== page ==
Chhath Parva, festival of sun god
One of the major festivals of Madhesh or Terai, Chhath Parva is dedicated to the Sun-god and is observed on the fourth day of the lunar calendar during the month of Kartik – Mangsir (October – November). The rising and the setting sun is worshiped during the festival. The festival lasts for four days.
On the first day, known as Arba Arbain or Nahan Khan, the devotees keep fast by discarding meat, garlic and onion and eat clean and ‘pure’ food. The second day is Kharna, which is observed to reduce the sin committed by the devotees and the third and major celebration is known as Chhath when the puja is conducted. The devotees go to the pre-decorated rivers and ponds singing folk and devotional songs. There are tent like structures made around the pond or on the river bank on which the devotees keep their holy offering and also stay the night, without sleeping. The fourth day, however, is known as Paran or Parwana that signifies the end of the puja after making offering and worshiping the rising sun.
The festival celebrated after Tihar has great significance, especially for the married women who observe two-day fast and offer prayers while keeping almost three-quarters of their body immersed in water for two hours. The devotees listen to the stories of the Chhath fasting, also the Surya Puran, after conclusion of the Argha or the offering of the curd to the setting sun. Also, the story of a greedy mother-in-law and her daughter-in-law is told.
The Hindu holy script Mahabharat mentions that the Pandavas and Draupadi observed the fast with sun worship for the successful completion of their exile.
On this day, the lakes, pond and rivers are beautifully decorated for the celebration, with lights, tents and flowers. The elements for worship are kept inside these tent-like structures and the devotees spend the night there without sleeping and staying Jagram (awake). Devotional songs and bhajans are played on the loudspeakers that are kept in most of the tents by the devotees. There is the tradition of taking either one or three rounds around the pond during the celebration and not only those who keep fast and have a tent around the pond but also everyone else takes the round of holy site.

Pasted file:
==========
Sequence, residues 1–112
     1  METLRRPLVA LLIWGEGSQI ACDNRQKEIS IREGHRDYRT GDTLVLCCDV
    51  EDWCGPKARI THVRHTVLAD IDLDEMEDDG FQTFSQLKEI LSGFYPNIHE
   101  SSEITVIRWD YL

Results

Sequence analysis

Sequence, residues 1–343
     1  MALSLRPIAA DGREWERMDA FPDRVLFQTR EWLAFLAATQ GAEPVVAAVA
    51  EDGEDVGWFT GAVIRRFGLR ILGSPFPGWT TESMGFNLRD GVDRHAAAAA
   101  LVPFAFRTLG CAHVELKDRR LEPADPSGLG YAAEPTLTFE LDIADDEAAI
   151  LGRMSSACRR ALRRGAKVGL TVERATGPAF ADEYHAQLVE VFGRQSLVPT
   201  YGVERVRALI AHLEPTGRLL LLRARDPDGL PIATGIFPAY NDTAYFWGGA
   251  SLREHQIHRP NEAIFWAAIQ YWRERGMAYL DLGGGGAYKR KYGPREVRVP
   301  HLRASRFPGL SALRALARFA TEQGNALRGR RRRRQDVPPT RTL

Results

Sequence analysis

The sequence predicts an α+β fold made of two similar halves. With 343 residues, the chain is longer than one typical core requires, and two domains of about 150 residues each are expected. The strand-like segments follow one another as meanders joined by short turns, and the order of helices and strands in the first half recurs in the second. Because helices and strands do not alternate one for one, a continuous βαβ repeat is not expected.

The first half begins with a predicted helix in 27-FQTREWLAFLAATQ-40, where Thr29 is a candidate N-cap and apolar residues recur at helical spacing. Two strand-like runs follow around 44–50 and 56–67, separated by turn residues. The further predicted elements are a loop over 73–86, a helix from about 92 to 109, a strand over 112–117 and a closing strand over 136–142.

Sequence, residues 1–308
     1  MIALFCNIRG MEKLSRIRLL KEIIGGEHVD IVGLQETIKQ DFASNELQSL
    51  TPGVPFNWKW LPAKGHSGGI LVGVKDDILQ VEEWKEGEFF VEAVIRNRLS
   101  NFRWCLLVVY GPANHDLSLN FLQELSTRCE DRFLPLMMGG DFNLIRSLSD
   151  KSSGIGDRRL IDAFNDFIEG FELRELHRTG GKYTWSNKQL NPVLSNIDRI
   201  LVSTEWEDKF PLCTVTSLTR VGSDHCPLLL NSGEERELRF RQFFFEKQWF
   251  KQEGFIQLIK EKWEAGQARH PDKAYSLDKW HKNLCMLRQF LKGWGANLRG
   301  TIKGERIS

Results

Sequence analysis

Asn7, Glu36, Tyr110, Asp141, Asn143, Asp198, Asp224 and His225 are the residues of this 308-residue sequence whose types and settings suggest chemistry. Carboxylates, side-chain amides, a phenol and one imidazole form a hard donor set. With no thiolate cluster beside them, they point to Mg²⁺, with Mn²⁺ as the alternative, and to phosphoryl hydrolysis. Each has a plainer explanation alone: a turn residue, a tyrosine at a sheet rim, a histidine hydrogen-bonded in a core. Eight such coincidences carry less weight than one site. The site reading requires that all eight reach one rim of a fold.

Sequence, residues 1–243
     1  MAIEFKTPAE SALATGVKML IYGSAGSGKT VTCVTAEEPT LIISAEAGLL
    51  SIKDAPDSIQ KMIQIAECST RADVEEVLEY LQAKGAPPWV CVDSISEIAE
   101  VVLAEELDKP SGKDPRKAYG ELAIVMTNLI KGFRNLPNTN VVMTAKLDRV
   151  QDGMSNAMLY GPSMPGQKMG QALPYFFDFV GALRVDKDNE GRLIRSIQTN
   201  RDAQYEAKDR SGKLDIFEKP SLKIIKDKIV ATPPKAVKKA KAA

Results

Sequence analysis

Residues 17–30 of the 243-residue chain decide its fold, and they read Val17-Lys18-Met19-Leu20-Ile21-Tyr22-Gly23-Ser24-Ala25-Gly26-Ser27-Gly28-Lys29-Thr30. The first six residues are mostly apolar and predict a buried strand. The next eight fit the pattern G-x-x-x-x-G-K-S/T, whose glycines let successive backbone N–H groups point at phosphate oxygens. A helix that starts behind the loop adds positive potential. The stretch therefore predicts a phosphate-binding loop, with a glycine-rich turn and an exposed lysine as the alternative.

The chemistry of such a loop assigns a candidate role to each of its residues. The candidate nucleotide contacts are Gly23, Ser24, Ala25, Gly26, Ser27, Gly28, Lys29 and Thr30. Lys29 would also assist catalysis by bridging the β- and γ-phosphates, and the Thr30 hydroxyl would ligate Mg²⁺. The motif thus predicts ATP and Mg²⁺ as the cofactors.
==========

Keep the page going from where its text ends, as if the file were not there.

Also a small fair with balloons and cheap toys for kids are conducted around the area. Most of the pond and the rivers in Nepal are the sites for celebration of Chhat Parva not only in Terai but also in Kathmandu. Moreover, the Rani Pokhari is also opened on that day for the Chhat celebration.
It is said that the god fulfills wishes of the devotees, especially the ones who are keeping fast. And it is also observed that most of the devotees have had their wishes fulfilled after taking the fast, however, the fast of Chhath Puja is one of the most difficult fasts in the Hindu religion as it has too many restrictions and not a single mistake is allowed. Most of the people give Kuniyas (that has the holy offerings) to those who take fasts in the name of their family for the better and healthy life or for some other wishes they have instead of taking the fast themselves. However, the ones who give the kuniyas are supposed to be present during the festival for conducting the puja on their kuniyas.
Chhath Parva is one of the major people of Terai and not only the Madhesi community but people from every community observe the festival by keeping fast or in other ways.